Frederick Law Olmsted left his position as secretary of the U.S. Sanitary Commission in mid-1863 and took a position in California managing the Mariposa mining estate. There he was horrified by the corruption and environmental depredations he saw. A bright spot was that he was eventually placed on a committee to examine how the state of California might preserve Yosemite and Mariposa. Back in Washington on 14 April 1865 Grant and Colfax both begged out of attending My American Cousin at Ford’s Theater with President and Mrs. Lincoln. That same day Lincoln spoke to Colfax excitedly about the Speaker’s upcoming trip out west. As Colfax remembered it, Lincoln told him, “Mr. Colfax, I want you to take a message from me to the miners whom you visit. I have very large ideas of the mineral wealth of our nation. I believe it practically inexhaustible. It abounds all over the Western country, from the Rocky Mountains to the Pacific, and its development has scarcely commenced.” Later that evening Booth shot Lincoln and the president died the next morning.
Colfax and his entourage headed west shortly after the president”s assassination and traveled many thousands of miles by various means, taking in what they saw and thinking optimistically about the possibilities for the reunified country. By early August they reached Yosemite and toured that beautiful valley along with the sequoias at Mariposa Grove. On 9 August 1865 Speaker of the House Colfax and others listened to Frederick Law Olmsted read his “Yosemite and the Mariposa Grove: A Preliminary Report,” the study that Olmsted and his team had written for state officials outlining how California might best preserve these sites. The state eventually did nt pursue many of the commission’s recommendations, deeming them too expensive and impractical. It was not a total loss. The Colfax Expedition helped lay the groundwork for President Grant’s signing in March 1872 of the Yellowstone National Park Protection Act. It was the start of the environmental movement here in the United States. Yosemite and the great sequoias too eventually came under the management of the National Park Service.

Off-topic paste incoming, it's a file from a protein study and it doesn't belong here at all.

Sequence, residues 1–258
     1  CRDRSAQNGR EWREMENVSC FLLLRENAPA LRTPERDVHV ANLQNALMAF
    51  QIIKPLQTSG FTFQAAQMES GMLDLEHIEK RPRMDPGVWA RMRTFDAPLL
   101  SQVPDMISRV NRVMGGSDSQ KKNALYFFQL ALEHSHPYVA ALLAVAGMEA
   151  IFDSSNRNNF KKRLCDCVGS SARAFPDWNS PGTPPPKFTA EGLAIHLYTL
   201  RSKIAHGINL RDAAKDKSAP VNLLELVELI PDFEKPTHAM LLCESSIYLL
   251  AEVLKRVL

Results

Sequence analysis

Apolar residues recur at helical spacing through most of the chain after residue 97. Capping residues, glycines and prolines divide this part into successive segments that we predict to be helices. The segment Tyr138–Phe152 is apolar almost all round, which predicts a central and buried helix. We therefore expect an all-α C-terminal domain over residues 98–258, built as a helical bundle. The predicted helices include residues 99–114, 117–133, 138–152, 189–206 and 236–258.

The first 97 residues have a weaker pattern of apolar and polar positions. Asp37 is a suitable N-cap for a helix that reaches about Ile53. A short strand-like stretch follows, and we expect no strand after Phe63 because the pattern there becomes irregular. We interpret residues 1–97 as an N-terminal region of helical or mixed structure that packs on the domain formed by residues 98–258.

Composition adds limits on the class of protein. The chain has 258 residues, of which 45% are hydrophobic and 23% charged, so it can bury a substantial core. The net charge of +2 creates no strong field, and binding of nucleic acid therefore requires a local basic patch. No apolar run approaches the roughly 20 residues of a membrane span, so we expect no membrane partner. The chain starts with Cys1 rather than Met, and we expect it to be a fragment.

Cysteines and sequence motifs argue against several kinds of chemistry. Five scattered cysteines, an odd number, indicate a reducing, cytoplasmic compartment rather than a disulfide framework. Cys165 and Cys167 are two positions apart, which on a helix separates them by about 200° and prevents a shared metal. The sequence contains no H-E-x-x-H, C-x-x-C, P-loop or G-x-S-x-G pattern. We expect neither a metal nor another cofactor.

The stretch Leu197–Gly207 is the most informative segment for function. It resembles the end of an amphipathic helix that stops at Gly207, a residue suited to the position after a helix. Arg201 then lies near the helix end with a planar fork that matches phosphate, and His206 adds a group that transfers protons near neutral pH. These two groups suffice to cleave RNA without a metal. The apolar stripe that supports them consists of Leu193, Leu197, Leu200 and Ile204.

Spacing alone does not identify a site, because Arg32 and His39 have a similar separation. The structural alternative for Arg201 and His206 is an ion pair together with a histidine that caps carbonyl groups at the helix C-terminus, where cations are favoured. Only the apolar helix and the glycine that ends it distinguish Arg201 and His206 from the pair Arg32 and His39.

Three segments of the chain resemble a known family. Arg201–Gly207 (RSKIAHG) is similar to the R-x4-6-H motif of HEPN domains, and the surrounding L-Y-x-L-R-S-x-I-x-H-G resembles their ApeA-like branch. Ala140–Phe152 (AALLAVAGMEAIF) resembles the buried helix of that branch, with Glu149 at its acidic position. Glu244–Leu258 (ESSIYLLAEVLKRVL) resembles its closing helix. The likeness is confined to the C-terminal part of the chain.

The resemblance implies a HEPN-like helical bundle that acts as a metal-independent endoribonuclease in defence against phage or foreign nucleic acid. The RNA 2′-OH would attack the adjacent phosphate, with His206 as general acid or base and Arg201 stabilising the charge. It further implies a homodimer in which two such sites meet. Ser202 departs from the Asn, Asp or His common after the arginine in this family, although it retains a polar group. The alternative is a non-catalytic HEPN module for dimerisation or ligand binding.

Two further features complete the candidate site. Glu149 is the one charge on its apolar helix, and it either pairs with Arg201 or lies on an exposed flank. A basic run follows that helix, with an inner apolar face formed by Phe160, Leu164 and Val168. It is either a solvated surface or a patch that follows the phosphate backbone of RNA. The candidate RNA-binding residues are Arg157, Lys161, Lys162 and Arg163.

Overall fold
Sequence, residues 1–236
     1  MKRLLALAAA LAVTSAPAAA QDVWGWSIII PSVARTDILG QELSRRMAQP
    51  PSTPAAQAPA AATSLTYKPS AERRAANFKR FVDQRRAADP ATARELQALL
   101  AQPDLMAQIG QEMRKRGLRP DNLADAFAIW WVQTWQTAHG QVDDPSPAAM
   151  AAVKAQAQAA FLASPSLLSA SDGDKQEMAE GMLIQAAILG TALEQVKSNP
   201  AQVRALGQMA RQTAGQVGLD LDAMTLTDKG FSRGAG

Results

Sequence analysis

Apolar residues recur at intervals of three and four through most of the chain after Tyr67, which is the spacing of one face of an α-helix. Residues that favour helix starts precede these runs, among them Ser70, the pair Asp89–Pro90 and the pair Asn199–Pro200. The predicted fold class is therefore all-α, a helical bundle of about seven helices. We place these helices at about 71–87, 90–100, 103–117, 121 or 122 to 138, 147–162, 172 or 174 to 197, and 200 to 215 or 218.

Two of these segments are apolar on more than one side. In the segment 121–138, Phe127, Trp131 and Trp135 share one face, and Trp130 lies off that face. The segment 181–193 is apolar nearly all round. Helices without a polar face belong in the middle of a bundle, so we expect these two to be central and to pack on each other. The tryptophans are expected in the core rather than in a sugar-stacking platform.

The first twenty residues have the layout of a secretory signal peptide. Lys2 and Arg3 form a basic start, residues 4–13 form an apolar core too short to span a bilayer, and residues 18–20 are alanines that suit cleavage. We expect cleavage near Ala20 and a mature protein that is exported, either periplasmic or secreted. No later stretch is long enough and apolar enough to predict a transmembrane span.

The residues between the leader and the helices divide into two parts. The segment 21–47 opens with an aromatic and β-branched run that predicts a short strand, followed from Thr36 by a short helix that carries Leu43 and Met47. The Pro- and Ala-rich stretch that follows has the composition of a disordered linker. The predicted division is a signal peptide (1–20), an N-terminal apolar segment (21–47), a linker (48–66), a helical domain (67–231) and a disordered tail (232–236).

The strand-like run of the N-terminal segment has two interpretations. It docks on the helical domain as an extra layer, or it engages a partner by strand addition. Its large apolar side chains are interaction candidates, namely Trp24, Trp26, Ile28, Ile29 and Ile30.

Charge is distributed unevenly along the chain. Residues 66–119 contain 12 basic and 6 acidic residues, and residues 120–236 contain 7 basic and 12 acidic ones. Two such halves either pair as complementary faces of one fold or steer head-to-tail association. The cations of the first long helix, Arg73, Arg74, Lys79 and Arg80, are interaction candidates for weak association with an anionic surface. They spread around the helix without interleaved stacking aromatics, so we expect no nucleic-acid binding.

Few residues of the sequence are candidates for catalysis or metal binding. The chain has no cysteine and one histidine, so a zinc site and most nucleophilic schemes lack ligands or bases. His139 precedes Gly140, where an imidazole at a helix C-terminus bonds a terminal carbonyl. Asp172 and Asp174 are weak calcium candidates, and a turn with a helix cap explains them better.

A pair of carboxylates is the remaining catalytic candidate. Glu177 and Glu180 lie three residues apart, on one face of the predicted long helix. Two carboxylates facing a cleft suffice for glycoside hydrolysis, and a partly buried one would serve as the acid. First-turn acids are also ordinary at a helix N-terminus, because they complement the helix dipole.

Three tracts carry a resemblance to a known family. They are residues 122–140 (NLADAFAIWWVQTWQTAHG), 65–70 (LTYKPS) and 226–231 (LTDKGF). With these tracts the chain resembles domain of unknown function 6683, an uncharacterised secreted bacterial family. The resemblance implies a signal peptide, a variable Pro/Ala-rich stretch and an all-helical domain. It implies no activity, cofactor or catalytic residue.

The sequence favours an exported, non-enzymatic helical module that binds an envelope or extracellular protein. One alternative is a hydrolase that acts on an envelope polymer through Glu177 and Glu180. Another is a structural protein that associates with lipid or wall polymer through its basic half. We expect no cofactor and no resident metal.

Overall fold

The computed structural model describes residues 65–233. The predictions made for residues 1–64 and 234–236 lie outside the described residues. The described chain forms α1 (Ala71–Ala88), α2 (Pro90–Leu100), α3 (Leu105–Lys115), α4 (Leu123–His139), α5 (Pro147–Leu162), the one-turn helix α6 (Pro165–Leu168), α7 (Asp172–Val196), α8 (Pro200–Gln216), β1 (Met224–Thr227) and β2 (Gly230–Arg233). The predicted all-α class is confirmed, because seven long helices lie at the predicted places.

(image by Carleton Watkins; Courtesy Yosemite National Park Research Library)
Abraham Lincoln signed the Yosemite Grant Act on this date in 1864. This legislation deeded Yosemite and the Mariposa Big Tree Grove to the state of California. It is interesting to note that Congress wrote and President Lincoln signed the measure in late June 1864, just days after the Overland Campaign in which so many men had been killed or wounded in ghastly ways. Even with the war far from decided people were looking ahead.